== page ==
Polyols application: carpet and furniture


Many different types of polyurethane materials are produced from only a few types of isocyanates and a wide range of polyols with different functionality. Some of the functionality of the polyurethane is determined by choice of polyols; polyether or polyester based. Most polyols used for flexible polyurethane foam today are polyether.

Polyether polyols are produced from propylene oxide, which is a propylene derivative just like acrylonitrile is. Most of these polyols are produced for polyurethane applications. But other end uses range from synthetic lubricants and functional fluids to surface-active agents. The main end uses are in foams for cushioning applications such as furniture and automotive seating. In literature three main types of polyurethanes are distinguished: rigid foam, flexible foam and non-foam.


From all the foams supplied into the transportation segment, flexible foams account for roughly 80% and semi-rigid foams the remainder. The flexible slabs and flexible molded foams are mostly used for seating applications. The semirigid foams, are used for steering wheels, instrument panels, door panels, and arm rests. Substantial amounts of flexible foam are consumed for bedding applications and flexible slab foam is primarily used in furniture cushioning. If the designers prefer a higher foam density or thinner seating with similar, more SAN contents in the polyols is needed.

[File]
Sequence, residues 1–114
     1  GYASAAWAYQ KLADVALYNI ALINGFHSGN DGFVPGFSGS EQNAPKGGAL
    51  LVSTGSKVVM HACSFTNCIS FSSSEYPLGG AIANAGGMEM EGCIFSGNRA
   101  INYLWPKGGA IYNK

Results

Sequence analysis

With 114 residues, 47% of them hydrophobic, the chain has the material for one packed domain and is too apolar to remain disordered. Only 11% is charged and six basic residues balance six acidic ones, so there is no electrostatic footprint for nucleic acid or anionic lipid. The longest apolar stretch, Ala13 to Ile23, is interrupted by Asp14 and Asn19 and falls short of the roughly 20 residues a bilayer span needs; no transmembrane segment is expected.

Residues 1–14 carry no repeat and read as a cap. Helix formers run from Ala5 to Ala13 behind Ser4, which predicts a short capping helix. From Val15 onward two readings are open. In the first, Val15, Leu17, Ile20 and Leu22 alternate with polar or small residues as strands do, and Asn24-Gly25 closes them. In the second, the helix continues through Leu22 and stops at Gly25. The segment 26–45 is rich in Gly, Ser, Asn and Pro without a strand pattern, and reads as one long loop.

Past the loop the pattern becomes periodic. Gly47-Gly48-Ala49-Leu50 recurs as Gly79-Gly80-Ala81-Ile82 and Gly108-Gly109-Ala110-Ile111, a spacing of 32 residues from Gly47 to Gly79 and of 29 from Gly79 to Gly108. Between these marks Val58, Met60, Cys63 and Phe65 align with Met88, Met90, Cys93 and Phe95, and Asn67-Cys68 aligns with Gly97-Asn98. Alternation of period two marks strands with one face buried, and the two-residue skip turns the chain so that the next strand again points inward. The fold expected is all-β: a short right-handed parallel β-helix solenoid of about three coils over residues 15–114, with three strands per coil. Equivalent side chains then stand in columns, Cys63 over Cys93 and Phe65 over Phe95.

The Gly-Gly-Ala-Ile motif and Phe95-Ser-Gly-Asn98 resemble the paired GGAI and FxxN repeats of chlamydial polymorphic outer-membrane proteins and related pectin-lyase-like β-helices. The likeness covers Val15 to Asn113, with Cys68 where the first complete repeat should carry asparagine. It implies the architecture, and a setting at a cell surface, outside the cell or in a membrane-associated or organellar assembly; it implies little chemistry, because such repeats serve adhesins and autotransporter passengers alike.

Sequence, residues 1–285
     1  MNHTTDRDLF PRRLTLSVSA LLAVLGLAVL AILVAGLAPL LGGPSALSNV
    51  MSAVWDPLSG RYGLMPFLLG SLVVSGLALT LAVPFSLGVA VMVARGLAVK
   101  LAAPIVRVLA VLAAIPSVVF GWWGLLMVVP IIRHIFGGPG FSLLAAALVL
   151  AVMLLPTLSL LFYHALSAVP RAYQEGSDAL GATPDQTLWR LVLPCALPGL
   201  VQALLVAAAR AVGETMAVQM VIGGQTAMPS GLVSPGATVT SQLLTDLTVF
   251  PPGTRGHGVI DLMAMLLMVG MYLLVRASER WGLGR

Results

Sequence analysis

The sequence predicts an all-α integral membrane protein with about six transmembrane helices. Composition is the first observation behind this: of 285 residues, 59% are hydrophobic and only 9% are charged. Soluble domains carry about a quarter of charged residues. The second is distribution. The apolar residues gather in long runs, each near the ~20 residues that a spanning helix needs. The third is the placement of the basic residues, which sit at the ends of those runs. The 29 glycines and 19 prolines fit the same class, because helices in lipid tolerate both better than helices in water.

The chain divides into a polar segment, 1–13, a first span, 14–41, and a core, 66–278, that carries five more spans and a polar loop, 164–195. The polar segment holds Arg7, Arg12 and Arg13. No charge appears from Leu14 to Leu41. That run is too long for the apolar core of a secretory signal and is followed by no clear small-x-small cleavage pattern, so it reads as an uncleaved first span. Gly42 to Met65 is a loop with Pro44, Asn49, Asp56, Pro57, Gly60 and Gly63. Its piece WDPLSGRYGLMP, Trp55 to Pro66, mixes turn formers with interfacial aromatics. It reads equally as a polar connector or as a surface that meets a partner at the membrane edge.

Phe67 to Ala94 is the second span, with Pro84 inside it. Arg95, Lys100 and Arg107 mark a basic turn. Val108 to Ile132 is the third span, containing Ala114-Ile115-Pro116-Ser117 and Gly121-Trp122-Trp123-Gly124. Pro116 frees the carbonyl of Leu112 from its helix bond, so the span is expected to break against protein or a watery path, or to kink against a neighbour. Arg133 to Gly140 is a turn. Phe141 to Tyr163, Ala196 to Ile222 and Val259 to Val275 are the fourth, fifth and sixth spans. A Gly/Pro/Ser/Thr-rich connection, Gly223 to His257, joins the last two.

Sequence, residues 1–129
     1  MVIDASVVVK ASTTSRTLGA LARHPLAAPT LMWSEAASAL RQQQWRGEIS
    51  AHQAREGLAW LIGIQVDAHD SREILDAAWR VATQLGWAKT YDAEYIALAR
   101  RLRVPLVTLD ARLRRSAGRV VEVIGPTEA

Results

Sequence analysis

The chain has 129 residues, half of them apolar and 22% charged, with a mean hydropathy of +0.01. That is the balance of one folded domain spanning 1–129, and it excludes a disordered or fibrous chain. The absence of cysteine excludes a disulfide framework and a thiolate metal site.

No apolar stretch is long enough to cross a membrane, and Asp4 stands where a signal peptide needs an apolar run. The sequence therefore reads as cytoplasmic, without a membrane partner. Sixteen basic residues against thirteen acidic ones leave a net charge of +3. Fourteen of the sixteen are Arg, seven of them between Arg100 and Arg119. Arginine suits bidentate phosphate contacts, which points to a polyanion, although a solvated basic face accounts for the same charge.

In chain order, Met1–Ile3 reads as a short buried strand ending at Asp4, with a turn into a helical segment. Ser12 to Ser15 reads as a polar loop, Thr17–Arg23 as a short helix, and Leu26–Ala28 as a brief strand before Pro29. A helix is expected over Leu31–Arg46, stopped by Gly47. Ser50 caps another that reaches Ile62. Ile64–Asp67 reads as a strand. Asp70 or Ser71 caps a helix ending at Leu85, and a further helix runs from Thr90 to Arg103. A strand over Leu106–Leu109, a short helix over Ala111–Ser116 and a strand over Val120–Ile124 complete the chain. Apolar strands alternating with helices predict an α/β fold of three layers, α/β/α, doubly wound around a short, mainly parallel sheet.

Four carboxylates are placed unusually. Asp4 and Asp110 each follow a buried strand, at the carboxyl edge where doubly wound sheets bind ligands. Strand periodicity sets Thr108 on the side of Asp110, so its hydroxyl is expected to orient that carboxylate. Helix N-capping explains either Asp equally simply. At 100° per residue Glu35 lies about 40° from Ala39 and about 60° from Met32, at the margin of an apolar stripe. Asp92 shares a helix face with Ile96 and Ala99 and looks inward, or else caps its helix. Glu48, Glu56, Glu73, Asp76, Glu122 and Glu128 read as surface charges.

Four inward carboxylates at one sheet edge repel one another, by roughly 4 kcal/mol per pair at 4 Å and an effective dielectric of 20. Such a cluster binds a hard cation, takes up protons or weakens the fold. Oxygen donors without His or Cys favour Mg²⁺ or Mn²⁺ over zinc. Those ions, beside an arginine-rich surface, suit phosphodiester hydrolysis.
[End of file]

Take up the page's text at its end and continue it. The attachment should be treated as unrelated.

Flexible polyurethane foam is used in carpet underlay or carpet backings, apparel, in textile laminates and other consumer products such as paint applicators, carriers for fabric softeners, sponges, scrubbers and in home clothes dryers. Non-foam uses include coatings, adhesives, sealants, and elastomers.